A look back at the career of one of the game's great executives.
The baseball world lost one of its titans last week, when Buzzie Bavasi died at the age of 93. A colorful veteran of nearly 50 years in the game, he was the architect of four World Championship teams, and played a pivotal role in some of baseball's biggest changes amid a career that embodied the highest highs and lowest lows of working as a front office executive.
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The legacy of the Dodgers move west, and setting the record straight on Brooklyn's support of the Bums.
Another problem with evaluating O'Malley's legacy is that many revisionists, consciously or unconsciously, make a big deal out of the Dodgers' Brooklyn attendance, then and now. Disparage the Dodgers' support in the 1950s as a way of rationalizing O'Malley's gambit, they write phrases like "the Dodgers barely drew a million fans" in Brooklyn in the 1950s, as if that were some kind of crime. The fact is that both major leagues in the 1950s were in deep trouble, with overall attendance declining for a multitude of reasons. It is neither fair nor instructive to compare today's attendance, when the US population is double what it was in 1950, with five decades ago unless one also puts those numbers in context. Furthermore, the Los Angeles market of the twenty-first century is more than four times the size of Brooklyn's market in 1950.
The myth of weak attendance in Brooklyn undergirds the popular understanding of O'Malley's inspiration to go west. Despite the misconceptions that have obscured the facts since the move, the Dodgers had drawn better than the NL average (excluding Brooklyn) in every season from 1938 through 1956. Only in 1957, the Dodgers' last year in Brooklyn-and a season throughout which rumors swirled that the team was headed west-did O'Malley's team fall a few thousand fans short of the league mean in attendance.
With Walter O'Malley's induction into the Hall of Fame later coinciding with the anniversary, a review of the Dodgers' move west.
If a recent immigrant listened casually to accounts of the Dodgers' move west in the 1950s, they might think that Walter O'Malley was an old-fashioned pioneer-a man who literally blazed a trail across prairie, plains, mountains, and desert. In their imagination, "The O'Malley Trail" might be a latter-day entrepreneurial version of the nineteenth-century Oregon Trail, enabling enterprising baseball executives to seek a better life on the baseball frontier.
This past week marked the 50th anniversary of the first big league games on the Left Coast. A half-century ago, the two sets of refugees from Gotham opened the 1957 season with home-and-home series in LA and San Francisco. The first three-game set was played at Seals Stadium; the three-game return match was played at Los Angeles Memorial Coliseum. Neither was a first-rate venue for major league baseball.
Two wounded rotations, two bullpens likely to work early to often and up to the challenge... will the difference be the Mets' eight-deep attack, or the Cardinals' power of one at the plate?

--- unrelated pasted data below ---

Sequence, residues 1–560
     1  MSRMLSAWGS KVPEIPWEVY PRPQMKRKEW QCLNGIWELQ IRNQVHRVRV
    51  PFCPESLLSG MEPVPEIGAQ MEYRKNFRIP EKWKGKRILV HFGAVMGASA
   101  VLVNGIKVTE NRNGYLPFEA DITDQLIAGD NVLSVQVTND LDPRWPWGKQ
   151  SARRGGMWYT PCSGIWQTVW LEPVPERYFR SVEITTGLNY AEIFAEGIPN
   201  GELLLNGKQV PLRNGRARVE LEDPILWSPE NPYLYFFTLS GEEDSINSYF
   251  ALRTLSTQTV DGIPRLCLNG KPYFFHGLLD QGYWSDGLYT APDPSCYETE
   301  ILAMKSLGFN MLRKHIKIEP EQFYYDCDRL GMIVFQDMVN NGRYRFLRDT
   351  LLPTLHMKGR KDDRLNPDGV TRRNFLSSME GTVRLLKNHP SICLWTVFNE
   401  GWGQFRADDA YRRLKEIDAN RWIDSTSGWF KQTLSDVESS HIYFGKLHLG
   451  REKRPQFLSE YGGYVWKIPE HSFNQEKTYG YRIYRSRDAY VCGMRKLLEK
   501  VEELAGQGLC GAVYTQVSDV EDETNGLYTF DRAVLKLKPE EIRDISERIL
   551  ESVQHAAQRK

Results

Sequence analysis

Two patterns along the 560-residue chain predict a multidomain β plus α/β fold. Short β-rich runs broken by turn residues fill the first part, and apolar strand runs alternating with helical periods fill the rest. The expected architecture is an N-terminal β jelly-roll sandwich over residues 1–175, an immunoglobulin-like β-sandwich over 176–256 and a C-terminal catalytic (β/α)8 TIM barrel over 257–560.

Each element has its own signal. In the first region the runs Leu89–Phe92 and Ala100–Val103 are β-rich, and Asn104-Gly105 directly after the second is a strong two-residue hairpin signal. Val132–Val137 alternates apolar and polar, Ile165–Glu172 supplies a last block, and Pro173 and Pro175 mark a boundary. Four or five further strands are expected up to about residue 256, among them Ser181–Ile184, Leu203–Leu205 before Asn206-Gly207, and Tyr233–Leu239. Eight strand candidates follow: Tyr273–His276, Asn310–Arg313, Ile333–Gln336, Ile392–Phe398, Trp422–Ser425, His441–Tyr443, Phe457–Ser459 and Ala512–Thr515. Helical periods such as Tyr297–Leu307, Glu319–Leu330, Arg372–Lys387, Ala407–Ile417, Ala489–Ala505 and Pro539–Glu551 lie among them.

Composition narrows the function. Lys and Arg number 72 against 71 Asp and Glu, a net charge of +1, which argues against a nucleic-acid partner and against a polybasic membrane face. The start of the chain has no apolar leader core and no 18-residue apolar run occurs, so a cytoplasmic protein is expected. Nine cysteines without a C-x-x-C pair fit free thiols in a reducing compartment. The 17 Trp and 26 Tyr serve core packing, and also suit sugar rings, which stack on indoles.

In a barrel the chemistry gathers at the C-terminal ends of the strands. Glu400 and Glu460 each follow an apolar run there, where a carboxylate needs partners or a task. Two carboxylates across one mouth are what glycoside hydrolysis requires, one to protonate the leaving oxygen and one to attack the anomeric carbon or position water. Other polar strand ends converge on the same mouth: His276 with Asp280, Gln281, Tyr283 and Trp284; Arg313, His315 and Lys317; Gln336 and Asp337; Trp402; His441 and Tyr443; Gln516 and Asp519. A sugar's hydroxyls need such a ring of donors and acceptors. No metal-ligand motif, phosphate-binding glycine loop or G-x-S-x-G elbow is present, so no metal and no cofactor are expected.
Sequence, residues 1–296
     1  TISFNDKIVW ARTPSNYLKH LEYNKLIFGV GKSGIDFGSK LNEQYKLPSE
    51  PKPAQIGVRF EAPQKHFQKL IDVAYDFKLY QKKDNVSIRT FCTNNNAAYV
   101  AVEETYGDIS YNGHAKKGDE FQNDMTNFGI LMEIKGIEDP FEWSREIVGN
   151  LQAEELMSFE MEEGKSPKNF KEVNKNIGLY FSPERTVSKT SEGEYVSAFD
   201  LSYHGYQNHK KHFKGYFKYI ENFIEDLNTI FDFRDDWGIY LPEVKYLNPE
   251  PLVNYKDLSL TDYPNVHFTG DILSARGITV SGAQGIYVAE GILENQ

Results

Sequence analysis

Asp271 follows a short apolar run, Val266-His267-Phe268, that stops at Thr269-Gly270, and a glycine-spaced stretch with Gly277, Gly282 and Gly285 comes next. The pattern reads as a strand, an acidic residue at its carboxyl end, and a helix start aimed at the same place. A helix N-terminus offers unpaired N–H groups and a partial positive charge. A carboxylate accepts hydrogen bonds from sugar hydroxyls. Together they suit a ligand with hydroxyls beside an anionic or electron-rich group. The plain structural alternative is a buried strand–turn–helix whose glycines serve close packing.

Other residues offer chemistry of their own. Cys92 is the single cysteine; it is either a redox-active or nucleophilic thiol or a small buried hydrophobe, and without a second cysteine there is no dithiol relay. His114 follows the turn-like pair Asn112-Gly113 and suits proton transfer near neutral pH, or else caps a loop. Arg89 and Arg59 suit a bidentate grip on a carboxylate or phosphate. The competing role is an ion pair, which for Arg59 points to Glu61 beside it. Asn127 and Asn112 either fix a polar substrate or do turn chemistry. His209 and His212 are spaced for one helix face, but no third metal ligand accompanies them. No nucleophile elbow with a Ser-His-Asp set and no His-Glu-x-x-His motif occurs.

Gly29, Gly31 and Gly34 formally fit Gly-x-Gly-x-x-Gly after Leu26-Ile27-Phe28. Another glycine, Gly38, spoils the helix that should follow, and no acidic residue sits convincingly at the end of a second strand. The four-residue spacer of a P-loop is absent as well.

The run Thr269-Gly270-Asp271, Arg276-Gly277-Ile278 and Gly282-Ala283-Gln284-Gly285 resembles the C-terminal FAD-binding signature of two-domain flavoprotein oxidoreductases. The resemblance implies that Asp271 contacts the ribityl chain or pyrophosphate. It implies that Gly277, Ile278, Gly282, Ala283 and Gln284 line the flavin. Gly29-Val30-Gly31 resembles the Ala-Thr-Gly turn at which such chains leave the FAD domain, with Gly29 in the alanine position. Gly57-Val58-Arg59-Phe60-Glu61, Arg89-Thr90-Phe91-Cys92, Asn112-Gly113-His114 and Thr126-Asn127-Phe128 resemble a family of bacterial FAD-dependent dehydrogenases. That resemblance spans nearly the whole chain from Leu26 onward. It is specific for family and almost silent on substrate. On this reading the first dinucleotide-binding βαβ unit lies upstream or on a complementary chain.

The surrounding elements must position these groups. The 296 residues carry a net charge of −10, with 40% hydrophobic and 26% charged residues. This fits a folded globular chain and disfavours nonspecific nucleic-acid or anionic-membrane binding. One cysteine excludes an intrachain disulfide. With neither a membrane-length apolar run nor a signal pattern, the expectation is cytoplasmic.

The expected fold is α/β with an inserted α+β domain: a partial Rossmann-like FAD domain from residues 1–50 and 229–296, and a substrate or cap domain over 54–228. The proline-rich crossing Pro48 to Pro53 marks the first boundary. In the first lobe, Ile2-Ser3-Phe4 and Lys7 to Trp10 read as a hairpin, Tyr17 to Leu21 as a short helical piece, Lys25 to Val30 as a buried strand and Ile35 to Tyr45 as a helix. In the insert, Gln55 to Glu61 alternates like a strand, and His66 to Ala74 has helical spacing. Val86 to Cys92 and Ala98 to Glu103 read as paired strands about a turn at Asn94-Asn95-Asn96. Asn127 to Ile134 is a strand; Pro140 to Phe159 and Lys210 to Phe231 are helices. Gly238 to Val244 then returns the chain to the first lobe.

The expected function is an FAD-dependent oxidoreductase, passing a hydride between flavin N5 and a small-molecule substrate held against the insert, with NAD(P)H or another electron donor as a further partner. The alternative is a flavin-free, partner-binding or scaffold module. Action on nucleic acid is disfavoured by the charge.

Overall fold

The beginning of the postseason marked a chance for Willie Randolph's Mets to consummate something the baseball world had anticipated for at least four months, the chance to show that their regular-season dominance was no fluke. Yet the run-up to the Division Series against the Dodgers brought disturbing news. Not only was ace Pedro Martinez, the symbol of the team's resurgence under Randolph and GM Omar Minaya, likely to miss a start due to his calf strain, but he was diagnosed with a torn rotator cuff that would knock him out into the middle of next year. The team's next pick to open the series, Orlando Hernandez, tore a calf muscle running in the outfield, knocking him out of consideration as well. Undeterred, the Mets retooled their postseason roster to play to their strength, a deep bullpen, and Randolph ably improvised his way through the series while the lineup punished nearly every mistake the Dodgers made. The result was a victory in straight sets, confirming that at the very least, the road to the NL pennant runs through the Big Apple.
The Cardinals punched their ticket in July. The Dodgers, 72 hours ago. Don't let that fool you: this is a great matchup.
The Cardinals can't claim any such drama. That's because they long ago obliterated the rest of the National League. The Cards' 105-57 record was the best in baseball, and underscored the standout performances of several star players. With a loaded offense and surprising starting pitching, St. Louis will be a stern test to any challenger, starting with the Dodgers.
Is Mike Sweeney the answer to the Dodgers' offensive woes? Has Johan Santana been getting a raw deal from his bullpen this season? And do the Giants have any bargaining chips left to deal at this year's trading deadline? All this and many more fascinating, rhetorical questions from Los Angeles, Minnesota, and San Francisco in your Monday edition of Prospectus Triple Play.
Even Better Than The Real Thing?: At this writing, the Dodgers are in first place in the NL West, one game ahead of the surging Giants and three games ahead of the Padres. This is due more to their pitching (3rd in ERA, narrowly) than to their hitting (13th in runs scored), and in this way they superficially resemble the Padres more than the Giants...
Welcome to Baseball Prospectus' predictions for 1998. We'll go division by
division and each of our staff members will tell you what they think about the
races. Remember, there's a reason we don't print this stuff in the book; there
is no good way we know of to predict what a team will do before the season
begins. Consider these teamwide WFGs, take them with a grain of salt, and